Dive into this delicious Indian dish, utilizing upland game in a spinach curry
My wife first introduced me to Indian food several years ago on one of our first dates in Spokane, Washington. The place was much like something you might find in a metropolitan subway—cramped but full of character.
Admittedly, I was resistant to the idea of something entirely new. It wasn’t love at first bite. Over the years, whether while visiting India Palace in Lawrence, Kansas, or Passage to India in Wichita, I’ve learned to absolutely relish Indian food. The flavors are layered, with a deep sense of personality and spices in every dish.
For wild game, Indian cuisine is that special arrow in my quiver. Yes, I’ve had to invest in some above-average-cost spices, but that initial investment goes a long way and lasts for many dishes. Additionally, most Indian dishes are a “variation on that, a variation on this,” but for the most part, the same roster of spices remain. For freezer-burnt game, Indian food, complete with a couple days in a yogurt marinade, is one of the best remedies.
So with the history of Indian food and my wife, and some pheasant gathering frost in the freezer, this dish made perfect sense as our first home-cooked meal upon returning home with our newest daughter, Zinnia Lone (her middle name even comes from a town in Washington).
Yes, there is a lot of reading below, but this dish isn’t hard to make.
A note on ingredients: You want the kasoori methi and garam masala. Sometimes those are harder to find in some stores. Order online if your local grocer doesn’t have them. No, you don’t need mustard oil. A little bit of mustard oil drizzling adds a small something, but not a lot. Further, you don’t need green tomatoes—you can use the same amount of pureed, roasted red tomatoes. It’ll obviously change the flavor profile, but the headliner here is the pheasant and spinach.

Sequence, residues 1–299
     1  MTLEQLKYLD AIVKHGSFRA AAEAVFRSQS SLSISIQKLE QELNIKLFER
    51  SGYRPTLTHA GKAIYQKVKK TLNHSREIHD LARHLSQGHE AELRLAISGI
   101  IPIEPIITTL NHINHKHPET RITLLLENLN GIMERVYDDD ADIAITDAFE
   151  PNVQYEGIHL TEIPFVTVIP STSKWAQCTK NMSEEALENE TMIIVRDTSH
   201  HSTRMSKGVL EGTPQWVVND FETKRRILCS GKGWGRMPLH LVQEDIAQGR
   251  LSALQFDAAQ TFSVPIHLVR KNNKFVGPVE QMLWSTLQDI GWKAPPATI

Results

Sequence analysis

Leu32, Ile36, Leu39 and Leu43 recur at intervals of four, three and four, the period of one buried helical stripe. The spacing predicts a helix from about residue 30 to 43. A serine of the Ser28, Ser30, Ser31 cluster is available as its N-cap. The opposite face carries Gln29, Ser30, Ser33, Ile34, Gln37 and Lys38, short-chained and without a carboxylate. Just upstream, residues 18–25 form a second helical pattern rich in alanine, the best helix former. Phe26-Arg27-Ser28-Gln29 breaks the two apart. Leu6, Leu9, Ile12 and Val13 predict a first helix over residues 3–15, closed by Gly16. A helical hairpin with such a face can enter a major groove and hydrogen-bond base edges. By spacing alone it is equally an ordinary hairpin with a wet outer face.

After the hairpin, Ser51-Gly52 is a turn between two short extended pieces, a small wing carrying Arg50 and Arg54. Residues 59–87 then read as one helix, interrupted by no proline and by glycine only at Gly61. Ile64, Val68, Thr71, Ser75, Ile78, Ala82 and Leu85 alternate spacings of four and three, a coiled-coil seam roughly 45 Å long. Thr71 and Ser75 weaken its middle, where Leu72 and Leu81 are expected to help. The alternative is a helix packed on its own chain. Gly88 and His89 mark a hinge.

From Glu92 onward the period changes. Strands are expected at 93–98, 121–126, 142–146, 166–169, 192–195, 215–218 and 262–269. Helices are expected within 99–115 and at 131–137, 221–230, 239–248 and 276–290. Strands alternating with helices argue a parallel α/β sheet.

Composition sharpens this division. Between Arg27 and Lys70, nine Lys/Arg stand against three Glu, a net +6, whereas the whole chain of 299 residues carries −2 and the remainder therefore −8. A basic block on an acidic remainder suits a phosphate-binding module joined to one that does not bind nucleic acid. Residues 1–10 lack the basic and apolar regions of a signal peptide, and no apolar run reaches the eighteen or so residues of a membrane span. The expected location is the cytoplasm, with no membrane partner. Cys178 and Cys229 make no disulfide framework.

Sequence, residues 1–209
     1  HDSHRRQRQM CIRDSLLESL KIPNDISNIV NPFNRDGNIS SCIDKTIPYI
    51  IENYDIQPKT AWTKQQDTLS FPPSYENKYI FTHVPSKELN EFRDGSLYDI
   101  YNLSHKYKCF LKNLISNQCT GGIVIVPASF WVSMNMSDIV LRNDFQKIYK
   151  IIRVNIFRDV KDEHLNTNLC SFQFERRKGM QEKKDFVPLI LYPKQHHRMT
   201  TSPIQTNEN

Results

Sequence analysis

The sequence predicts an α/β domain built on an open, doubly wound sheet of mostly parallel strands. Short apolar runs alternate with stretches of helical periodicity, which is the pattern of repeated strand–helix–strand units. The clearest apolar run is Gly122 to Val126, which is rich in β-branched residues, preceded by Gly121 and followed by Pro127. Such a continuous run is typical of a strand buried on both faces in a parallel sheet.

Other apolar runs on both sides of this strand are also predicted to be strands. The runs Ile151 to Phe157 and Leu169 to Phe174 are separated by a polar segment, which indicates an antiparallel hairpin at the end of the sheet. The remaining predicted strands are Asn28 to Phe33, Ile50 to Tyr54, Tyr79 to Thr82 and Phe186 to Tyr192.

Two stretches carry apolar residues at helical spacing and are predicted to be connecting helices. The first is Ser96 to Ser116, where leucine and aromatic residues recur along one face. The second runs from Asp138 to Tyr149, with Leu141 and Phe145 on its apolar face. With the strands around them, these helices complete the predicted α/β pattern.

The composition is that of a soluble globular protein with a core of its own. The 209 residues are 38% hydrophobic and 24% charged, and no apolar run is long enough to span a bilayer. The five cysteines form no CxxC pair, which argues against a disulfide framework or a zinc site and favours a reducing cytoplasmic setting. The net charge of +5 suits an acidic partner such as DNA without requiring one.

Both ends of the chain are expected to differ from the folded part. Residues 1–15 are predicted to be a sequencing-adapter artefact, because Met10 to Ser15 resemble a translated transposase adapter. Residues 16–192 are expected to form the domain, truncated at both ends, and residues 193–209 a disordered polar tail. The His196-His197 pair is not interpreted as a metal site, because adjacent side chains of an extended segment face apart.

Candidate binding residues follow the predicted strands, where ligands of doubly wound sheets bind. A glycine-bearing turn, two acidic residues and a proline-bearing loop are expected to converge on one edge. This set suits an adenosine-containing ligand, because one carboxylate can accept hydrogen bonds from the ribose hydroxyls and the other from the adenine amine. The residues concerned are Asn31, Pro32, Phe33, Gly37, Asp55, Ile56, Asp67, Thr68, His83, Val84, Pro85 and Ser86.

Hope you enjoy this one. It was made with much love. Reach out to me on Instagram (@WildGameJack) with any questions or comments.
Palak PheasantJack Hennessy
- 22 oz cubed pheasant breast cut into 1" x 1" chunks
- 1 cup yogurt
- 1½ tbsp garlic minced
- 1 tbsp ginger minced
- 1 tbsp kasoori methi
- 2 tsp garam masala
- 1 tsp ground mustard
- ½ tsp ground cumin
- 2 tsp red chili powder
- 1 tsp kosher salt
- ½ tsp white pepper ground
- 1 medium red onion chopped
- 2 tsp garlic minced
- 1 tbsp ginger minced
- ½ tsp ground cumin
- 1½ tsp garam masala
- 1 tsp ground coriander
- 1 cup roasted green tomatoes without pit, pureed
- 2 cups chicken stock
- ½ tsp red chili powder
- 1 cup heavy whipping cream
- 1 tbsp brown sugar
- 12 oz spinach (6 oz blanched and pureed, the other 6 oz stirred in)
- 2 tbsp kasoori methi
- Drizzle of mustard oil
- Sunflower oil
- Kosher salt
- Black pepper ground
- 2 cups basmati rice
- 2¾ cups cold water
- Cut pheasant breasts (or other upland bird breasts) into cubes.
- In a food processor, blend all marinade ingredients other than yogurt and bird meat. Add blended mix to mixing bowl, then stir in yogurt.